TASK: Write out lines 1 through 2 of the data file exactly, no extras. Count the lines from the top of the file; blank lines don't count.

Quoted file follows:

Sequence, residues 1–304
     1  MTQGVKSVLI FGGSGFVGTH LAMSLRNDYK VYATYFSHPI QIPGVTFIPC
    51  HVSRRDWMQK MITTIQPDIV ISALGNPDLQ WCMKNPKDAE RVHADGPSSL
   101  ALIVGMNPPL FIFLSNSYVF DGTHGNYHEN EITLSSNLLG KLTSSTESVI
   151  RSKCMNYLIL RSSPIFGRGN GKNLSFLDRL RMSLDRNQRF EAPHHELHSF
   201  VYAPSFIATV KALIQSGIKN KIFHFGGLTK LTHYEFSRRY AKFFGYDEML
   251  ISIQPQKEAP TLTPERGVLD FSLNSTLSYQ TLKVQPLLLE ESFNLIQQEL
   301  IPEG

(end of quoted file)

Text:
Sequence, residues 1–304
     1  MTQGVKSVLI FGGSGFVGTH LAMSLRNDYK VYATYFSHPI QIPGVTFIPC